The Matisse Museum in Nice, France. The “See you at yours” exhibit showcased the various styles present in Matisse’s work. JENNA ZAZA/THE STATESMAN

The Matisse Museum in Nice, France welcomed contemporary artist Agnès Thurnauer to bring new perspectives and interpretations to the 20th-century French artist Henri Matisse’s art in the “See you at yours” exhibition from Oct. 27, 2022 to Feb. 6, 2023.

The museum possesses all of Matisse’s work, which includes 454 drawings and engravings and more than 130 objects from his personal collection, and regularly curates temporary exhibitions to bring new experiences for viewers.

In Matisse’s paintings “Maisons à Fenouillet” and “Figure Endormie,” he conveys a sense of urgency while simultaneously soothing the viewer with short, quick brush strokes on the canvas. Many of Matisse’s landscape paintings incorporate sharp movements, yet his drawings of faces and people such as “Guillaume Apollinaire” feature fluidity. 

Throughout the exhibition, Matisse’s uncertainty in his art shines as the curator, Claudine Grammont, reveals how his art style and his medium evolved through time. Matisse begins with paintings of landscapes filled with vivid colors, with swift flicks of the paint brush, and slowly transforms into monochromatic unbroken line paintings and draftsmanship pieces.


Despite this uncertainty, every brush stroke, color combination and visual focus work together to create a single cohesive painting, as if painted with an intricate purpose.  

As the viewer travels through rooms and ascends the museum, Matisse’s work gains a new creative direction. He narrows down the focus of his paintings from having multiple still-life objects such as flowers and fruits to a series of line portraits of people. The shift in direction sparks a lingering curiosity that will penetrate the viewer’s mind long after they leave the exhibition.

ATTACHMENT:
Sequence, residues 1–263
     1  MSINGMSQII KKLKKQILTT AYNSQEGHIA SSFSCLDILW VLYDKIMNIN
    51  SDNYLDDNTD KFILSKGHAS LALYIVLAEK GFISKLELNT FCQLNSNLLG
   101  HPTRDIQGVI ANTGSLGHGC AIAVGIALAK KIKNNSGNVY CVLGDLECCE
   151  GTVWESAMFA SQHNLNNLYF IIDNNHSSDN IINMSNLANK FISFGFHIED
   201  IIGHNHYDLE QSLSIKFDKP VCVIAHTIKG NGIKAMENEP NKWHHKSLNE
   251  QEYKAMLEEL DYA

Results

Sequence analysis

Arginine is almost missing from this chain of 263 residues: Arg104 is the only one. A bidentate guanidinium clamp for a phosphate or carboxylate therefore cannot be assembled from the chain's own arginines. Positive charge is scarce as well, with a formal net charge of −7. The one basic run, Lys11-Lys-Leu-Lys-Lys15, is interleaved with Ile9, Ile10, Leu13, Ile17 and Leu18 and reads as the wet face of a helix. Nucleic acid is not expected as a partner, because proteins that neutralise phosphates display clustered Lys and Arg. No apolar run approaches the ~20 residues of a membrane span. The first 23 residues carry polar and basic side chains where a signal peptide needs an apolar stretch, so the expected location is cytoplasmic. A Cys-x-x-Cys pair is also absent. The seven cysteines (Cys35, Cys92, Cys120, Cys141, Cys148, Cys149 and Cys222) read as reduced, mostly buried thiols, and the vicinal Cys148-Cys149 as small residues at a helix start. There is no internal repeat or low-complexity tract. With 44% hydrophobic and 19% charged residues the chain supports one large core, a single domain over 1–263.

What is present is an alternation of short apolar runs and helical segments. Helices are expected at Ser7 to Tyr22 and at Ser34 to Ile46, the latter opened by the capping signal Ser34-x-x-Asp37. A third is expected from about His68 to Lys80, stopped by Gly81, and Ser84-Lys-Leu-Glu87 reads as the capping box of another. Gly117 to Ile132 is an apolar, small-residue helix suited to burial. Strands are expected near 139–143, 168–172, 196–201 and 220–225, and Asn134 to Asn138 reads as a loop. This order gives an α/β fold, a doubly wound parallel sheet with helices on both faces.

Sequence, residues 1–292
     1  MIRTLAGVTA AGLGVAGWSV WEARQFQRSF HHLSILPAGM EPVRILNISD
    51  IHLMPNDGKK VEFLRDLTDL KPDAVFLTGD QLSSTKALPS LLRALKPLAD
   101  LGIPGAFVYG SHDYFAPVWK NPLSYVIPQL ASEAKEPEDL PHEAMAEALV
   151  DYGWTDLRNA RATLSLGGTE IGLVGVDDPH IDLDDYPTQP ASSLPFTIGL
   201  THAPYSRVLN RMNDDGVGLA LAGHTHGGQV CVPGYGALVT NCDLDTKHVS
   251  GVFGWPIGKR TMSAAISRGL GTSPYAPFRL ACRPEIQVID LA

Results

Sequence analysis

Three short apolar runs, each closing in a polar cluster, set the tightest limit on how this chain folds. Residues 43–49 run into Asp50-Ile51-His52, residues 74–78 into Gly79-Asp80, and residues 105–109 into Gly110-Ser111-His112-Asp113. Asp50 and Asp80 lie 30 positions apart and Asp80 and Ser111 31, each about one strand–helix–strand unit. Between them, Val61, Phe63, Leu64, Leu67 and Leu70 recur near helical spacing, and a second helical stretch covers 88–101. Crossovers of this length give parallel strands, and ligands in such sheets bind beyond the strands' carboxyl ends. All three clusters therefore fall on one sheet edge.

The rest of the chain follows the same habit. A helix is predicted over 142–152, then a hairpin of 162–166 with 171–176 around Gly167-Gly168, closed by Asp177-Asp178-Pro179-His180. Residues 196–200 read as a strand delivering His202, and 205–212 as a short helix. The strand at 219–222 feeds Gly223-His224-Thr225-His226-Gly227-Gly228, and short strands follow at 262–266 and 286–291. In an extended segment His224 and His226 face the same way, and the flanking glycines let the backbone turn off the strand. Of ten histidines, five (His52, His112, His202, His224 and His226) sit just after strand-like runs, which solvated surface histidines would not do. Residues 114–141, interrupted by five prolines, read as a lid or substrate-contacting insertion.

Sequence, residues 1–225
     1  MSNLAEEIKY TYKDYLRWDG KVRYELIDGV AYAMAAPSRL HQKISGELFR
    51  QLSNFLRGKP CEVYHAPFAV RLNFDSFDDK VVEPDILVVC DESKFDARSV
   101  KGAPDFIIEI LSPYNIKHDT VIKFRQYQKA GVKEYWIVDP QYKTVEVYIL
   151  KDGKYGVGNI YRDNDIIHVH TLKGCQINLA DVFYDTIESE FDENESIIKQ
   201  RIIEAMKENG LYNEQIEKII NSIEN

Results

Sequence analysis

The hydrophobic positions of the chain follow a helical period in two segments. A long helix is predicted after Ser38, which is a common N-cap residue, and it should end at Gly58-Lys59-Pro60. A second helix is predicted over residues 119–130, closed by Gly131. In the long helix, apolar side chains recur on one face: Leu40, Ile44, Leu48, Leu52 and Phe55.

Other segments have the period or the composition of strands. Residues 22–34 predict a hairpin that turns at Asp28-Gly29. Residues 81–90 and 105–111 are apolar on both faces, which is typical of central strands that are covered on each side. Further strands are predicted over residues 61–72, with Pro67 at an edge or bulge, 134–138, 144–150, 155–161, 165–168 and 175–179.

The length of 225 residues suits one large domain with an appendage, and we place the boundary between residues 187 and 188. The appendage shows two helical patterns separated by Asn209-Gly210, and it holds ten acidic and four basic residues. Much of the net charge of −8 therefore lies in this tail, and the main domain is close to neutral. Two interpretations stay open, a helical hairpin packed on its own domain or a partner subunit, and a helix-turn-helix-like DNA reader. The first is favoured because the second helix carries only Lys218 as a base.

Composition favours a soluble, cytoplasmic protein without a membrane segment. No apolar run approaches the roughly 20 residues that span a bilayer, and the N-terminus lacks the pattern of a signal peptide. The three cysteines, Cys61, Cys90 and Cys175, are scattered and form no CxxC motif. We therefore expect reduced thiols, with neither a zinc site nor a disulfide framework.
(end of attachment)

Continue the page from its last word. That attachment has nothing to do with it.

Works like “Vase de Fleurs,” “Portrait de Danseuse Espagnole” and his illustrated books give the viewer insight into a world and the multiple stories Matisse wanted to convey. The inclusion of  Thurnauer’s art in the exhibition explores the notion of how language ties in with art and furthers Matisse’s message with the 21st century audience. 

Thurnauer’s pieces contrasted much of Matisse’s with the use of words, numbers and precision in clean-cut lines. The words plastered across the canvases — such as “Translation,” “Language” and “Crossing” — encourage the viewer to explore the various interpretations of Matisse’s work. Even though there are multiple perspectives of the same art, some type of language and story will still be shared with the viewer. 


Thurnauer’s art also discusses and closely examines Matisse’s collections that string together to show the evolution of an individual piece by replicating a singular artwork multiple times with slight variations. 

The sculptures, paintings and letters created by Thurnauer as well as the layout of the exhibition invite the viewer to transcend into Matisse’s canvas and explore the intimacy of his creative process. Being allowed this intimacy serves to connect the viewers to the artist on a more personal level and leaves a remarkable impression on the viewer. 

Grammont and Thurnauer implored viewers to think about what art means in the context of language and sharing a story with another person. “See you at yours” initiated a closeness to the artist as if the viewer was with Matisse as he described his plans for his next artwork. 

The next exhibition the museum is hosting is called “Tom Wesselmann. After Matisse,” in which they feature the works of American artist Tom Wesselmann whose art was inspired by Matisse. This exhibition starts on Feb. 24 and ends on May 29.  

A virtual tour of “Matisse in the Nahmad collection” can be found here.



Jenna Zaza is The Statesman's arts and culture editor. She is a second-year journalism major with a minor in Korean studies and on the fast-track MBA program. When she is not writing, she is probably reading a book with a cup of coffee in hand.


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